Western Islands of the Indian Ocean: The Mountain Landscape of Mauritius
Robin Hallett describes how, when the maritime powers of Europe were battling for supremacy in the Orient, the isles of the Indian Ocean played their part in history.
Scattered over the western half of the Indian Ocean he divers islands or island-groups bound by their history more closely to Africa than to Asia. They range from Zanzibar and Pemba, only half a day’s sail from the African mainland, to the Chagos Archipelago, remotest of the Lesser Dependencies of Mauritius, islands that are “truly oceanic.”
Included among them are Réunion and Mauritius, the Comoros and the Seychelles. Zanzibar, Pemba and the Comoros possess an ancient Muslim culture; the other islands, previously uninhabited, have been drawn into the orbit of human history only by European enterprise. For them all Africa provided, at least until the middle of the nineteenth century, the homeland of the majority of their inhabitants.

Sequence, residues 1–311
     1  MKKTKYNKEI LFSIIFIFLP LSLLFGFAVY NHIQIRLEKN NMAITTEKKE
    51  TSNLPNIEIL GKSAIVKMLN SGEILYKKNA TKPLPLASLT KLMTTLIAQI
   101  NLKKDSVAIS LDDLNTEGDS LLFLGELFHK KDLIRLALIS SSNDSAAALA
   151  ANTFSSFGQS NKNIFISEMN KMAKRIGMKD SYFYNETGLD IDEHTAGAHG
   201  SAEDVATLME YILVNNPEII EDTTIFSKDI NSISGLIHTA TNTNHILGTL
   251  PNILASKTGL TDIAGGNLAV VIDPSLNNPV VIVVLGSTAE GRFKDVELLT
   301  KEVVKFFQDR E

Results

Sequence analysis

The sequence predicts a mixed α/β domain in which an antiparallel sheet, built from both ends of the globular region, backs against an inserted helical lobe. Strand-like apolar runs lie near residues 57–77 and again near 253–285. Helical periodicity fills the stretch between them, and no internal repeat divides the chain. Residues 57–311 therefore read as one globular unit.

The larger islands display an astonishing natural beauty, idyllic, paradisal: the scented tropical languor, the gentle caerulean sea, coconut palms elegant over white coral beaches, vegetation of a lush and luxuriant green. But the smaller islands, set in “a strange solitude,” also exert a powerful fascination.
“As we coasted along this island,” Sir James Lancaster wrote of Agalega in 1602, “it seemed very faire and pleasant, exceeding full of fowle and coconut trees; and there came from the land such a pleasant smell, as if it had been a garden of flowers.”